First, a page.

• Blood levels tested in people after consuming microwaved food showed decreased hemoglobin levels while white blood cell production increased.
  • Microwaves were banned by in the Soviet Union in 1971. They issued an international warning on the potential health hazards after intensive and thorough research.
  • Other European countries have also taken a cautionary stance to microwaves based on their own scientific evaluations.
  • In the states, there have been no specifically tailored studies conducted by universities nor the government on the effects of microwaved food and the human body.
  • The FDA admittedly states that there are many questions on the effects of radiation on the human system and yet health claims for them are widespread as is their use.


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Sticking to it

Changing your lifestyle is no easy task. There is no shortage of articles that promise a new and healthy you if you follow just 5 easy steps. How many times have we all given some diet or activity a whirl only to get back to our former habits within the month? Why do we struggle to make the change stick?

Change has been a gradual thing for me. I wanted to eat less sugar so I went on a crash “no sugar” diet for six whole days last year. The plan was to make it a month. It wasn’t all in vain though. It gave my body a chance to sort of reset and lose some of its intense craving of sweet things. But it wasn’t until I started changing what I allowed myself to bring into my house and to bake with that the real change started happening.

For example, I am a cookie fiend and always will be. I stopped buying white sugar and started looking for recipes that used either very little sugar or substitutes like stevia, apple sauce or honey. After doing this for several months, I one day whipped up a batch of my old style cookies and to my surprise, I didn’t really enjoy them. They were too sweet for my sensitive taste buds. The nerves in my teeth spasmed as did my stomach after the second one.

And so began the process of phasing out things that I knew were not helping me with my health, energy and even my emotions.

Foods I have or am phasing out:

  • white granulated sugar
  • processed meats like hot dogs and sandwich meat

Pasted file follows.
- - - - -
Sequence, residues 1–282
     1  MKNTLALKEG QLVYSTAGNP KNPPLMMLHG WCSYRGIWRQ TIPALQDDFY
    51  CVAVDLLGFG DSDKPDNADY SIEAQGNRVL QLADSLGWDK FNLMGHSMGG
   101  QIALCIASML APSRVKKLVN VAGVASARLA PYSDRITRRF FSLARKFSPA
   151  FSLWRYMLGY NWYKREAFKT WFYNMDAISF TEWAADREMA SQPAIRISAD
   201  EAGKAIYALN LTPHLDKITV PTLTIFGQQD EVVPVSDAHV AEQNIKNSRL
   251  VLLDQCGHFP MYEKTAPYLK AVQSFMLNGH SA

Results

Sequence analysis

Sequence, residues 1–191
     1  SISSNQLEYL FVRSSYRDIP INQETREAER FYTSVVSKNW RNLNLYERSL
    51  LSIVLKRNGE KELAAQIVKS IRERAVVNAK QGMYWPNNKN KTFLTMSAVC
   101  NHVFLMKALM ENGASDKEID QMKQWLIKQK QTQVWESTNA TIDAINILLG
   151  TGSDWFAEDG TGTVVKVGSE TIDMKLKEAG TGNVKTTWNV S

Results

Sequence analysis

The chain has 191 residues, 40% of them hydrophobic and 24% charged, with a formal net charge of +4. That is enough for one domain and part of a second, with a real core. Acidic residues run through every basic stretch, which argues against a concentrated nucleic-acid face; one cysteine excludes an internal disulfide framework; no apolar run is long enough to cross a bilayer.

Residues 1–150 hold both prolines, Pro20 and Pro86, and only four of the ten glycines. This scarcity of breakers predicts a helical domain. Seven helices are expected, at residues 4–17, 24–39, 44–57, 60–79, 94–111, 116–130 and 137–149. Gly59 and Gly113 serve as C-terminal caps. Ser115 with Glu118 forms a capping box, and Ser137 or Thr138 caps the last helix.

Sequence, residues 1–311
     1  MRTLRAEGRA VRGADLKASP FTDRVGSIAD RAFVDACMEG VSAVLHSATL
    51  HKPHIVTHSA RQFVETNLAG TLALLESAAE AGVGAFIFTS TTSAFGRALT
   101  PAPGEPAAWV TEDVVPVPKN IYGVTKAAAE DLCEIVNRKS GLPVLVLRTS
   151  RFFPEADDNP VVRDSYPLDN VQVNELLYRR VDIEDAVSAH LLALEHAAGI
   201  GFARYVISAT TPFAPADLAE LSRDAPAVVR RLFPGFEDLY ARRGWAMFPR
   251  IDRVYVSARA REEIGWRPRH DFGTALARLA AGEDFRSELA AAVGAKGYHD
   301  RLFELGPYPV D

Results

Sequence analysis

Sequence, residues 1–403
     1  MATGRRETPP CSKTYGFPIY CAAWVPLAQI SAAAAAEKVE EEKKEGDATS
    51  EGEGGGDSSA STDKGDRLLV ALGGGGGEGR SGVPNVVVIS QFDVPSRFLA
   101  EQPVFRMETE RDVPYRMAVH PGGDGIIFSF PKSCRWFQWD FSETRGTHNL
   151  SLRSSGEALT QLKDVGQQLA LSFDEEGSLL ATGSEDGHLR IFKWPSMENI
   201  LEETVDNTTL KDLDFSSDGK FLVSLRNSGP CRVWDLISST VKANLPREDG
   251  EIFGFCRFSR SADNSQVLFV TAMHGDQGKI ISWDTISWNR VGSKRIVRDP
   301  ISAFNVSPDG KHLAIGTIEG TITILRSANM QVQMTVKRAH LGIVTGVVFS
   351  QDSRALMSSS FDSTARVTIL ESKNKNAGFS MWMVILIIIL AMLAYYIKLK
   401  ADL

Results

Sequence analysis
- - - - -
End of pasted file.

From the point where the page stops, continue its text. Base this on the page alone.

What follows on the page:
• most flavoured yogurts (I make exceptions for honey flavoured Greek Gods from time to time)
  • all-purpose white flour for use in baking
  • prepared foods (Kraft Dinner, cookies, granola bars, frozen pizza [my husband isn’t a part of phasing out that one but we don’t eat a lot of it anymore])
  • cow’s mik

These days, I typically have an abundant source of energy despite running around after two little ones. Colds don’t drag on as long and my perspective is a lot more clear. Food is far more enjoyable and fulfilling too.

To “phase out” successfully, you need a replacement for whatever it is you’re trying to go without because naturally you will probably still want to eat it from time to time. I make our own granola bars; I use recipes that require little or no white flour and buy plain yogurt and top it with honey, seeds and fruit. There’s more labour involved to be sure but it’s something I have become passionate about. That’s really what this is all about. Ultimately, whatever it is that you want, you have to get passionate about it. Passion is the motor that turns the wheels of change.

Be the change you want to see and you may surprise yourself with what you are capable of doing!

climbing a wall, reaching the top, making change, making progress. happier

 

 


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My friend and I were on the hunt for a more wholesome muffin not made with conventional white flour. We gave this recipe a try and I was quite pleased with the results.

And how about oat flour as opposed to all-purpose white? Firstly, there should be a distinction made between quick rolled oats and old fashioned rolled oats or steel cut. Think of the quick in oats not only as quick cooking but quick digesting. This isn’t a good thing because it causes a spike in sugar levels. What used to be a complex carbohydrate, which is a more lengthy process to break down, takes on some attributes of a simple carbohydrate. But in their best form, oats are a great source of phosphorus, fiber, zinc and magnesium to name just a few essential minerals to everyday health. Magnesium is drained from your body with sugar consumption so another point goes to oat flour over starchy white filler.

So here’s they are, Almond Butter Banana Nut Muffins.

  • 3 mashed bananas
  • 1/4 c. nut butter (I used almond butter)
  • 1/3 c. stevia (I plan to try using apple sauce next time)
  • 1 egg white
  • 1 tsp. vanilla
  • 1 1/2 c. oat flour (takes about two cups of whole oats thrown into your food processor or bullet)
  • 1 tsp. baking powder
  • 1/2 tsp. baking soda
  • 1/2 tsp. salt
  • 1/2 c. chocolate chips
  • 1/2 c. walnuts or pecans

oat flour, bananas, nut butter, yummy, wholesome

 

Recipe source: heathereatsalmondbutter.com